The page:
In: Journal of documentation. 63(2007) no.5, S.680-701.
Abstract: Purpose - This paper aims to examine our current knowledge of how searchers perceive and react to the possibility of missing potentially important information whilst searching the web is limited. The study reported here seeks to investigate such perceptions and reactions, and to explore the extent to which Simon's "bounded rationality" theory is useful in illuminating these issues. Design/methodology/approach - Totally 37 academic staff, research staff and research students in three university departments were interviewed about their web searching. The open-ended, semi-structured interviews were inductively analysed. Emergence of the concept of "good enough" searching prompted a further analysis to explore the extent to which the data could be interpreted in terms of Simon's concepts of "bounded rationality" and "satisficing". Findings - The results indicate that the risk of missing potentially important information was a matter of concern to the interviewees. Their estimations of the likely extent and importance of missed information affected decisions by individuals as to when to stop searching - decisions based on very different criteria, which map well onto Simon's concepts. On the basis of the interview data, the authors propose tentative categorizations of perceptions of the risk of missing information including "inconsequential" "tolerable" "damaging" and "disastrous" and search strategies including "perfunctory" "minimalist" "nervous" and "extensive". It is concluded that there is at least a prima facie case for bounded rationality and satisficing being considered as potentially useful concepts in our quest better to understand aspects of human information behaviour. Research limitations/implications - Although the findings are based on a relatively small sample and an exploratory qualitative analysis, it is argued that the study raises a number of interesting questions, and has implications for both the development of theory and practice in the areas of web searching and information literacy. Originality/value - The paper focuses on an aspect of web searching which has not to date been well explored. Whilst research has done much to illuminate searchers' perceptions of what they find on the web, we know relatively little of their perceptions of, and reactions to information that they fail to find. The study reported here provides some tentative models, based on empirical evidence, of these phenomena.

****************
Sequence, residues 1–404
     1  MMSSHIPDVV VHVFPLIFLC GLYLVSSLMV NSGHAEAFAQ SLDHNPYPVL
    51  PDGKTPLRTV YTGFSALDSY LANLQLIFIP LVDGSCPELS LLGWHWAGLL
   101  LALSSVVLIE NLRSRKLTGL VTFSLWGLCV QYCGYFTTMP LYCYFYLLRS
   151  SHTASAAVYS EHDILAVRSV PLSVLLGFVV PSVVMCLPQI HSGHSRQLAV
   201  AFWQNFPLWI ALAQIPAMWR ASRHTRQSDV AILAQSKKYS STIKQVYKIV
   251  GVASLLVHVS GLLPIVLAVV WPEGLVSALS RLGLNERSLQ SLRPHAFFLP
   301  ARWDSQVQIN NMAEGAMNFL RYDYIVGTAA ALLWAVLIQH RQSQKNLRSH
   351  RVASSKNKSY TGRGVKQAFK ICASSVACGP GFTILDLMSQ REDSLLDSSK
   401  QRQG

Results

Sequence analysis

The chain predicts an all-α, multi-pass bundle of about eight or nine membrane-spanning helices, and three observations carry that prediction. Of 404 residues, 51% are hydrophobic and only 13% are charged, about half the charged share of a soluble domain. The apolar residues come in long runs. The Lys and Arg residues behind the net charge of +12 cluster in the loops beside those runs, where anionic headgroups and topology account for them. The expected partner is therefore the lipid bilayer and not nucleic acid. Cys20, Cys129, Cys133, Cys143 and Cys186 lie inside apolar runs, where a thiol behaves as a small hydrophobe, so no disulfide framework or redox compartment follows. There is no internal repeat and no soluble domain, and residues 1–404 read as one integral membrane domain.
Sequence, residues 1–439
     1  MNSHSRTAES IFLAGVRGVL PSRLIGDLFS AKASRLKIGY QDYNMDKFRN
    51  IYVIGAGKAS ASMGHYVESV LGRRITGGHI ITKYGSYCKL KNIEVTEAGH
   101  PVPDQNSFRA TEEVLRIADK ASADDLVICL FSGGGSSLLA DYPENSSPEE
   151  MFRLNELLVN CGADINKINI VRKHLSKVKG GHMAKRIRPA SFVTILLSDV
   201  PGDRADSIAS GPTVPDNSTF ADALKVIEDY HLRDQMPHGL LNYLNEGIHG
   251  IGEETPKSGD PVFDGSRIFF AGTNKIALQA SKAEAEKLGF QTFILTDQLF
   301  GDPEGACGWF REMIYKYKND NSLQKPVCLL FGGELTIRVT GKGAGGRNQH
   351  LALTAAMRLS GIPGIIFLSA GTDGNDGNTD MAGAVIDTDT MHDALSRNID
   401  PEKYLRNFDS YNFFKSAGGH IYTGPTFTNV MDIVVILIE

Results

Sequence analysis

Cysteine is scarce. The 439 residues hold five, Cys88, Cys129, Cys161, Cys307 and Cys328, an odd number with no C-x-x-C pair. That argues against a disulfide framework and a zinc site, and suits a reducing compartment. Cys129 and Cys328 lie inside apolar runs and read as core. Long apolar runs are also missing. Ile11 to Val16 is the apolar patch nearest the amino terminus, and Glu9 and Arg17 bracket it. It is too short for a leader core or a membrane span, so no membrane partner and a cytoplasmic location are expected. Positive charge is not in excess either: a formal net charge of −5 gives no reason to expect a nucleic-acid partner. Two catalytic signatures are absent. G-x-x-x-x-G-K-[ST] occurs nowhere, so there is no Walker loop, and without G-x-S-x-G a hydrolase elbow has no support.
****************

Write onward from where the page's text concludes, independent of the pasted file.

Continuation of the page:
Themenfeld: Internet ; Retrievalstudien
4Ford, N. ; Mansourian, Y.: ¬The invisible web : an empirical study of "cognitive invisibility".
In: Journal of documentation. 62(2006) no.5, S.584-596.
Abstract: Purpose - The purpose of this paper is to report an empirical investigation into conceptions of the "invisible web". Design/methodology/approach - This was an exploratory qualitative study based on in-depth semi-structured interviews with 15 members of academic staff from three biology-related departments at the University of Sheffield. Concepts emerged from an inductive analysis of the interview data to form a tentative model. Findings - A distinction is drawn between technical objective conceptions of the "invisible web" that commonly appear in the literature, and a cognitive subjective conception based on searchers' perceptions of search failure, and a tentative model of "cognitive invisibility" is presented. The relationship between objective and subjective conceptions, and implications for training, are discussed. Research limitations/implications - The research was qualitative and exploratory, designed to elicit sensitising concepts and to "map the territory". It thus aims to provide a tentative model that could form the basis for more systematic study. Such research could investigate the validity of the categories in different and/or larger samples, seek further to illuminate, challenge, extend or refute the model, and address issues of generalisability. Practical implications - The paper presents a conceptual model that is intended to be a useful reference point for researchers wishing to investigate user-based aspects of search failure and the invisible web. It may also be useful to trainers and those interested in developing information literacy, in that it differentiates technical objective and cognitive subjective conceptions of "invisibility, and discusses the implications for helping searchers develop more effective searching capabilities. Originality/value - The paper offers an alternative cognitive subjective view of "web invisibility" to that more commonly presented in the literature. It contributes to a still small body of empirical research into user-based aspects of the invisible web.